Inheritance Farm is a permaculture homestead in Chichester, New Hampshire. Our mission is to educate people about sustainable farm practices that use old methods of symbiotic farming, as well as incorporate permaculture principles and designs.
Everything that we have - and everything we will ever build, whether here on the family farm or later on a different piece of land - will someday belong to someone else. Much the same way the water rushing by in a stream was not created at the headwaters, our existence as stewards of the land is on the shoulders of those who came before us. Those who come next must have strong shoulders for their next generation to likewise stand upon. This has been a basic principle of land stewardship for centuries: without the land, none would survive. Since the Industrial Revolution, modern culture has rapidly been losing the basic knowledge and common practices that made our forefarmers successful. If we allow our soil and the knowledge to preserve it to perish, what inheritance are we leaving for the next generation?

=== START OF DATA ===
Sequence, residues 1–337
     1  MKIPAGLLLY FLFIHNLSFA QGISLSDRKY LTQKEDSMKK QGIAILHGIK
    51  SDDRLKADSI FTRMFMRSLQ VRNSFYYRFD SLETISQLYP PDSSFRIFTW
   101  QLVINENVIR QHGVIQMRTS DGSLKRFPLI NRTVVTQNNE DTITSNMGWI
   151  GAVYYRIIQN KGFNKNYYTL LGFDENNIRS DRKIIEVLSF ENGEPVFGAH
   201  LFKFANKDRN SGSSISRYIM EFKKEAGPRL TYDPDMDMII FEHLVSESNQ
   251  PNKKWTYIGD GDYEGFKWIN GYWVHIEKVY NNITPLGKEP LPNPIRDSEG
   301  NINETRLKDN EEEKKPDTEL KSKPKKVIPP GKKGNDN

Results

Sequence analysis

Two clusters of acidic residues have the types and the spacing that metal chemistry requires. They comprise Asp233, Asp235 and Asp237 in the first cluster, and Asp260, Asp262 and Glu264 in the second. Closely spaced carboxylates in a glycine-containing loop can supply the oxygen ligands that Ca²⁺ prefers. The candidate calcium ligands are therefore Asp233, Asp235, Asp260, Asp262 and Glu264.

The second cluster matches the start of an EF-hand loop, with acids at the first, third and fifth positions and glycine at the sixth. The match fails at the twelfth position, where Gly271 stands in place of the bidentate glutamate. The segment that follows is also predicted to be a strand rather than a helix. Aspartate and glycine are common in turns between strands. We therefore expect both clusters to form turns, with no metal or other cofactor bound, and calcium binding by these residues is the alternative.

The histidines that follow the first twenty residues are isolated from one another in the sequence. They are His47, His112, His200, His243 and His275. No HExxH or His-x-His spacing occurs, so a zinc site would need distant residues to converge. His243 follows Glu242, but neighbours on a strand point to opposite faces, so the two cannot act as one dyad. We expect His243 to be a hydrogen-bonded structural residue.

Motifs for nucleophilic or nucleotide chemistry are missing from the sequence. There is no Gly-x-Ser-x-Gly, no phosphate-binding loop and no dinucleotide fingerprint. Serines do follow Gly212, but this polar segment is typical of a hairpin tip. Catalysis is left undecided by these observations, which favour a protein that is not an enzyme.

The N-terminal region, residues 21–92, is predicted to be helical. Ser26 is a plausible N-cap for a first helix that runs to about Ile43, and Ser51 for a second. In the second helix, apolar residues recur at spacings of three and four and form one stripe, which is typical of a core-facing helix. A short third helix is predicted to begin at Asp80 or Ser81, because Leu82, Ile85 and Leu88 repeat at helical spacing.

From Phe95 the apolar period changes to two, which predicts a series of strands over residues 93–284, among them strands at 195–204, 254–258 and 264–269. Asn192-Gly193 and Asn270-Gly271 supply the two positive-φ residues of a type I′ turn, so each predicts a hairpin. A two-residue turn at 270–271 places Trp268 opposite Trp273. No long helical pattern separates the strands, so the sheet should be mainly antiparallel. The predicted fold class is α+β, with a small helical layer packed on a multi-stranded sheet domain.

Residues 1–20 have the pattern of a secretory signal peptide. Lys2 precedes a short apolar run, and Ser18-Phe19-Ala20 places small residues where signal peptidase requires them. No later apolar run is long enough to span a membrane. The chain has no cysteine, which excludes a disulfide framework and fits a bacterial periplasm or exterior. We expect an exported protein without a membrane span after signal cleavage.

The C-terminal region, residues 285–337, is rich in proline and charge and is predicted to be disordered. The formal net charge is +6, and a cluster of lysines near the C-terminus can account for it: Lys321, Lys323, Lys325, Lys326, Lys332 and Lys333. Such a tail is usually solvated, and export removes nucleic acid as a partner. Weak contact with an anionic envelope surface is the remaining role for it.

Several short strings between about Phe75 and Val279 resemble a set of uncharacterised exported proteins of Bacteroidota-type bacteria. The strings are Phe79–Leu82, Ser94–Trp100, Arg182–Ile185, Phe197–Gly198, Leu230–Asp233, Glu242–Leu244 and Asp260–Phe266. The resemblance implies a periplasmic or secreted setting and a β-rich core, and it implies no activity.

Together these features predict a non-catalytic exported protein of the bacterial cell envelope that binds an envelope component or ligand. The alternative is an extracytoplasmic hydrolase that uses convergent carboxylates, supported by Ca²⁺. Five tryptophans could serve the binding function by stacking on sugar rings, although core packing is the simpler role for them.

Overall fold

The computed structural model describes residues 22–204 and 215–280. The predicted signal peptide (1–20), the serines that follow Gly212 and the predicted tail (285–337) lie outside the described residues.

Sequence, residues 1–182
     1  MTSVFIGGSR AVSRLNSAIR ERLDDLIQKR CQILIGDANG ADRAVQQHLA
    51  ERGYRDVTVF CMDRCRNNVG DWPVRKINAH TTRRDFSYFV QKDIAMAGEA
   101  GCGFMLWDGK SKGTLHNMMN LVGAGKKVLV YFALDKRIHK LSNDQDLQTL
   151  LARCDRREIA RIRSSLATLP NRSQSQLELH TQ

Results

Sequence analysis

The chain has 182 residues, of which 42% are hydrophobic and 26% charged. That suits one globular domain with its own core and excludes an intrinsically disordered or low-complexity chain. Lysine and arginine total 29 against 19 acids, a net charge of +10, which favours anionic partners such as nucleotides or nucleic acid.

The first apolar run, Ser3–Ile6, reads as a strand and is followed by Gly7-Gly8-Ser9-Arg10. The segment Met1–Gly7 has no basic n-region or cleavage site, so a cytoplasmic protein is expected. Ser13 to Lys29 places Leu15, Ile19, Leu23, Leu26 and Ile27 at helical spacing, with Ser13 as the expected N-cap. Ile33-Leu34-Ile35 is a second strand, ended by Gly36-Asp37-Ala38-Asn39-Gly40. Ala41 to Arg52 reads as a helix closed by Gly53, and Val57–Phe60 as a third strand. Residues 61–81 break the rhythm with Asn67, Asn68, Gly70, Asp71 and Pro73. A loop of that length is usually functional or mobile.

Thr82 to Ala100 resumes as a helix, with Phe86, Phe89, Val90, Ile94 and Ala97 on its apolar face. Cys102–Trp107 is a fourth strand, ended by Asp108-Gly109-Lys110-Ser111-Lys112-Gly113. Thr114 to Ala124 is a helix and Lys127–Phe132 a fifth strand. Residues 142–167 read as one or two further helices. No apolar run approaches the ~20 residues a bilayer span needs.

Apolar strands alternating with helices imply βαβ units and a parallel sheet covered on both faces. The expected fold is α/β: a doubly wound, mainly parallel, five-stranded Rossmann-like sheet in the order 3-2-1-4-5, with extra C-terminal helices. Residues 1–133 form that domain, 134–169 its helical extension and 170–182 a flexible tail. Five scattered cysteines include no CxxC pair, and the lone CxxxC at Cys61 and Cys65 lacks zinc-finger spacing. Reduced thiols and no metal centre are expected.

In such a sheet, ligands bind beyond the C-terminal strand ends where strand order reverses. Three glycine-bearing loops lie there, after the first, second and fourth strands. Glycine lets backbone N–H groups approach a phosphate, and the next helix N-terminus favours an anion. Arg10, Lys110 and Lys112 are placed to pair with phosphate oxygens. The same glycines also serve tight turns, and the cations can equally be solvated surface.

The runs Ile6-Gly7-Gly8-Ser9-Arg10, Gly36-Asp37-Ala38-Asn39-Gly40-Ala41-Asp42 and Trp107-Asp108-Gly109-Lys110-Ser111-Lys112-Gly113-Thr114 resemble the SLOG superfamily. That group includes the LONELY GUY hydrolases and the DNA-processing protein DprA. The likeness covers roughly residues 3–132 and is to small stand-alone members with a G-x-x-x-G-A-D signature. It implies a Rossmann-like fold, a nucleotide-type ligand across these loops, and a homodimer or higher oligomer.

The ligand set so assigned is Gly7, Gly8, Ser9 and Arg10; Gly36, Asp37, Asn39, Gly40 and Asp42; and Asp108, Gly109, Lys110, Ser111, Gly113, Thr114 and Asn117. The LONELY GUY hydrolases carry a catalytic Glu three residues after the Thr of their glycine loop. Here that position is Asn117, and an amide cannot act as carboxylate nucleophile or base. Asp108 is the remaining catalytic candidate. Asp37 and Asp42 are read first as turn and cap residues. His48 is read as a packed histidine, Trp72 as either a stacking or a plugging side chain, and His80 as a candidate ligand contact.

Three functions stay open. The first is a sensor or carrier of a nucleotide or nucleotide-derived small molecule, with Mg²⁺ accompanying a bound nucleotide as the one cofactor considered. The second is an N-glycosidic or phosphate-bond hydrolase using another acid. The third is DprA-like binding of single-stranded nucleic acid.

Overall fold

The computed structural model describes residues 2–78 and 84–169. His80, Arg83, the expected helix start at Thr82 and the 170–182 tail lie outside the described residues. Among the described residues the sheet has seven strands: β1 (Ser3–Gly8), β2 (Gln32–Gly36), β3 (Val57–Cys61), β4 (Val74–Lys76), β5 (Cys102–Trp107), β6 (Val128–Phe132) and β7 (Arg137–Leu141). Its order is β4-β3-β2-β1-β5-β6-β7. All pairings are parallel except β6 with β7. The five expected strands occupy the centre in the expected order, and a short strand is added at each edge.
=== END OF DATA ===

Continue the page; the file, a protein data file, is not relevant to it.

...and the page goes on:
The sad reality is that our culture has come to a "cutting edge" way of thinking. Those who came before - farmers, land stewards, the people with dirt under their nails from a lifetime of coaxing food from the earth - were "primitive" and are now "outdated." The problem with that way of thinking is that it means we are lost in the moment. We have become so concerned with instant gratification, we have lost the foresight of investment. This leads us to do things like destroy soil life by using pesticides and chemical fertilizers, by raising too many animals on too small a system, or by planting the same crop in the same place year after year. The goal is a bountiful crop, and in the short term, it appears to work. But in the long term, the soil will be so depleted the system will fail. Think of this: in one teaspoon of soil there are a million bacteria, all working together to enrich whatever grows there, because for the bacteria, the return investment is solid. When we kill that bacteria by misfarming the land, we kill a natural farm resource that takes years to rebuild.